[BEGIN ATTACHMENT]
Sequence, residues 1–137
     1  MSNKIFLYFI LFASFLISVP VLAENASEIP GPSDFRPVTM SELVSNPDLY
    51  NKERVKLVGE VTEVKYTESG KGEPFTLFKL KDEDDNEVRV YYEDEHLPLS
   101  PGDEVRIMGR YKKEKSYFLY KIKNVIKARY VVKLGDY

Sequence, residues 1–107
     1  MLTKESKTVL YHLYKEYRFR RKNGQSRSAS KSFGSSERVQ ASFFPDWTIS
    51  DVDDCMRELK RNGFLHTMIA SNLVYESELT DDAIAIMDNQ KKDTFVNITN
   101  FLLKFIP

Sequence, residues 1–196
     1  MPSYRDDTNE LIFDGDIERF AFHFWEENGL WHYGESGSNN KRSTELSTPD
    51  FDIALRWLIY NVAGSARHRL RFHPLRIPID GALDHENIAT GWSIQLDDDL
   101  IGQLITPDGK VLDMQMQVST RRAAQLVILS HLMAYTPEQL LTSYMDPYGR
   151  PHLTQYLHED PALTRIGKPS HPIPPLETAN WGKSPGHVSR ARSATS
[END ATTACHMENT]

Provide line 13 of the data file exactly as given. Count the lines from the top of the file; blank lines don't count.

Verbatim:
   151  PHLTQYLHED PALTRIGKPS HPIPPLETAN WGKSPGHVSR ARSATS